CONCLUSION: The assurance of a glorious future helps to sustain God’s people during the trials of life. It should also be a stimulus to holy living. (The word holy is used thirty-five times in Ezekiel chapters. 41–48.) For Christian believers, heaven is not simply a destination; it is a motivation. It should make a difference in your life today because you know you are going to heaven. Does it?


Today, the bodies of God’s people are His temple, and so is His church. Just as God has a beautiful plan for His future millennial temple in Jerusalem, so God has a plan for His people individually and His church collectively. We are to be a holy temple, dedicated to Him alone; we are to radiate the glory of God.


The Best Is Yet To Be

By Dennis J. De Haan


Before Jesus left this earth, He promised to prepare a special place for those who love Him (John 14:2-3). Years later He spoke to His disciple John in a vision, giving him as much detail as man’s finite mind could grasp. Since then, God’s people have pondered with eager anticipation “a new heaven and a new earth,” where there will be no more death, nor sorrow, nor crying, nor pain (Revelation 21:1, 4).


When we are released from sin’s curse, we will serve God without weariness (Revelation 22:3-4). We will see Jesus and be like Him (1 John 3:2).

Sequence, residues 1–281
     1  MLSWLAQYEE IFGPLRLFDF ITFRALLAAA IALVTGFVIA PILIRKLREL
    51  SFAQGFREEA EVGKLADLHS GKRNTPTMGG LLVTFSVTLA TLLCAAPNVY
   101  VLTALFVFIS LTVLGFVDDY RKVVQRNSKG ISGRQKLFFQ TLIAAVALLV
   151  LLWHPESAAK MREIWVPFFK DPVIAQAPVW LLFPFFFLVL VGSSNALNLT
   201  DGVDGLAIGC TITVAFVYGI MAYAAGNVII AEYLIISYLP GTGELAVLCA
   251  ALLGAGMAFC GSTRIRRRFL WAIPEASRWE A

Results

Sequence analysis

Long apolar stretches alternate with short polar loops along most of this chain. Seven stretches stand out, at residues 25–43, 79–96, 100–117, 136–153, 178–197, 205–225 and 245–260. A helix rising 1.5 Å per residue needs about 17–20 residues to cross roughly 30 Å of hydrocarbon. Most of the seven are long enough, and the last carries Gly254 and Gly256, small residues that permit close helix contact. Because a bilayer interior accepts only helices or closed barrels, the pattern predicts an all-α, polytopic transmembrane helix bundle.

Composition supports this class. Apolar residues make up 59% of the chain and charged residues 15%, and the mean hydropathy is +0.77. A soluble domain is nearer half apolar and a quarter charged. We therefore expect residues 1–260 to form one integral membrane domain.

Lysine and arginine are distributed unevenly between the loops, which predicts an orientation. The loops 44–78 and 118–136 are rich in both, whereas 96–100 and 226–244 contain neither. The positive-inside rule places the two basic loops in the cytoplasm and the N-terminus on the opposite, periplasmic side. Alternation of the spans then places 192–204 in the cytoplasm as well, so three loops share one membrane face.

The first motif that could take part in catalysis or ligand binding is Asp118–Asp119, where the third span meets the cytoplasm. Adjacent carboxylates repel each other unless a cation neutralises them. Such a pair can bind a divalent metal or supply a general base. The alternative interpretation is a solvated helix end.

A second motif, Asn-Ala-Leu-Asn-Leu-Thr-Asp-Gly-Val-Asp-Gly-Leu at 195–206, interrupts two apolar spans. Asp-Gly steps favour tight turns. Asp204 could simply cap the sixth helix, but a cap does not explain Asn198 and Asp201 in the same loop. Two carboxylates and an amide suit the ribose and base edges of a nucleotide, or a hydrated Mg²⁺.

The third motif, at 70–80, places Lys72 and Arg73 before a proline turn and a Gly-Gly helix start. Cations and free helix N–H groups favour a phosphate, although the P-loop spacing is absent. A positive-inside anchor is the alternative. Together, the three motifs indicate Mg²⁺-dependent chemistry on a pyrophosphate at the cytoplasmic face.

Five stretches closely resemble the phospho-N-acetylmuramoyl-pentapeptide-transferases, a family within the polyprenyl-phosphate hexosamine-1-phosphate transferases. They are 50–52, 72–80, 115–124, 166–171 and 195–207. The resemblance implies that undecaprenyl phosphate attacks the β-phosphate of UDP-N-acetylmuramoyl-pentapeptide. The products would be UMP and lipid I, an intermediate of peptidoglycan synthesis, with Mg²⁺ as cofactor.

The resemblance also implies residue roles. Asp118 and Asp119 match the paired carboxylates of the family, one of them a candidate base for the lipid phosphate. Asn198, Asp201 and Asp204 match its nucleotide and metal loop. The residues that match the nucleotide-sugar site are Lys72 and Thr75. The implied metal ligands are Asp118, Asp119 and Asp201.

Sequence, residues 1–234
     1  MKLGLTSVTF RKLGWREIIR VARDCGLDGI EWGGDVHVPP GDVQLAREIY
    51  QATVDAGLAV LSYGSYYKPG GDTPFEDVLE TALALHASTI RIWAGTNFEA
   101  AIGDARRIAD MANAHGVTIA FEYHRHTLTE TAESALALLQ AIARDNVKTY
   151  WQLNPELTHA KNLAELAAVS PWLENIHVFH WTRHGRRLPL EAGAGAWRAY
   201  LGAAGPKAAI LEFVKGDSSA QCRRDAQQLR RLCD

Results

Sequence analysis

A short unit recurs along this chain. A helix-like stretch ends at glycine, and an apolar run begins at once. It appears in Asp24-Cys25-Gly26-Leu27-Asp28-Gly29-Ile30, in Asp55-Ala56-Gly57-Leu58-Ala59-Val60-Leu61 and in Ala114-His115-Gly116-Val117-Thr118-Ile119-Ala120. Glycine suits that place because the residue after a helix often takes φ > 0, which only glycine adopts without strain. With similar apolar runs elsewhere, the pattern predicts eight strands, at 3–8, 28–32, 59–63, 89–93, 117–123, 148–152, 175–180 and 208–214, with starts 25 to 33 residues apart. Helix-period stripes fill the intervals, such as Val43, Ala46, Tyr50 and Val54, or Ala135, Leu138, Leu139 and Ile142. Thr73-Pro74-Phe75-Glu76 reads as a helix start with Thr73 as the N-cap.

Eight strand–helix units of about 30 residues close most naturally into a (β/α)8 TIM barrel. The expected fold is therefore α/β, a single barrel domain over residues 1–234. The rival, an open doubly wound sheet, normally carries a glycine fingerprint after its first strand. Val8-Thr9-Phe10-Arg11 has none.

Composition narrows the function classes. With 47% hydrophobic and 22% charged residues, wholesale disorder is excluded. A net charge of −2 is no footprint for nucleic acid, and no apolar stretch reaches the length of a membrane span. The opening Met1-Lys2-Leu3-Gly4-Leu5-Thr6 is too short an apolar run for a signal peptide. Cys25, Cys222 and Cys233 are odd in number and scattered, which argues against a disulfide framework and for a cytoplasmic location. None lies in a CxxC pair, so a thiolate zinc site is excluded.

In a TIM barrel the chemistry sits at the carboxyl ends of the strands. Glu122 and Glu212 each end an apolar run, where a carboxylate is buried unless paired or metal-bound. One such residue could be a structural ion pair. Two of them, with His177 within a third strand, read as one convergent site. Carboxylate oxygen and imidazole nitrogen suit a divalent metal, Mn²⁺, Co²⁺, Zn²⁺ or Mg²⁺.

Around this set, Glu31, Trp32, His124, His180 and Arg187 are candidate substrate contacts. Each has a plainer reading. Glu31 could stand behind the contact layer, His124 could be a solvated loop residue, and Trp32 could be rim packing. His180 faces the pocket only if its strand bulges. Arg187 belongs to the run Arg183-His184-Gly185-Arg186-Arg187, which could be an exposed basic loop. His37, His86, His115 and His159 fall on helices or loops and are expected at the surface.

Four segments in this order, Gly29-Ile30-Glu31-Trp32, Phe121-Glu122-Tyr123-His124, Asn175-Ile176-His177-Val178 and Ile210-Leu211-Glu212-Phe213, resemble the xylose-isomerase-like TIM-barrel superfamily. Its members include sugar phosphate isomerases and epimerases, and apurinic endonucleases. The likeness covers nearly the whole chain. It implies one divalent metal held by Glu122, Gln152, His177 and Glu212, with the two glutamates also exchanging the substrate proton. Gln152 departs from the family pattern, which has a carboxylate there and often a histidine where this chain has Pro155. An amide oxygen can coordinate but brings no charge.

Thinking about these joys moved the renowned English physician Thomas Browne (1605-1682) to write, “When we begin to talk about life after death, we’re like two infants in a womb discussing the nature of their future life. The difference between our present knowledge and understanding of what it will be to share God’s glory is no less great than what exists between unborn babes and a man in the strength of his days. . . . As Christians, we know it is indescribable and thus we can rejoice, but it will be even greater than our wildest imagination.”


In life’s darkest or most joyous moments, let’s never forget that the best is yet to be. -- Dennis J. De Haan, Our Daily Bread, June 17, 1994


THOUGHT TO REMBER: “Heaven: no pain, no night, no death, no tears.”


* * *


REFERENCES: References used in the Bible study are the King James Bible (KJV), the Scofield Study Bible, the Believer’s Bible Commentary, Charles J. Woodbridge Bible Outlines, Lee Roberson’s Sermons, Don Robinson’s Bible Outlines, Women’s Study Bible, The Bible Reader’s Companion Ed. 3, The Nelson Study Bible: New King James Version, KJV Bible Commentary, Dr. J. Vernon McGee © Thru the Bible Radio Network ( www.ttb.org ), Wiersbe’s Expository Outlines of the New Testament ed. 4, Cliff Robinson’s Bible Outlines, Wiersbe’s Expository Outlines of the Old Testament, With the Word Bible Commentary, Wiersbe’s “Be” Series: Old & New Testaments, RBC Ministries ( http://rbc.org/ ), selected illustrations, and other references.




E-Mail: Rev. Ronald Purkey


Go to more Bible Study Outlines: CLICK HERE


Who is Rev. Ronald Purkey? CLICK HERE


Who is Sarah Sibert Purkey? CLICK HERE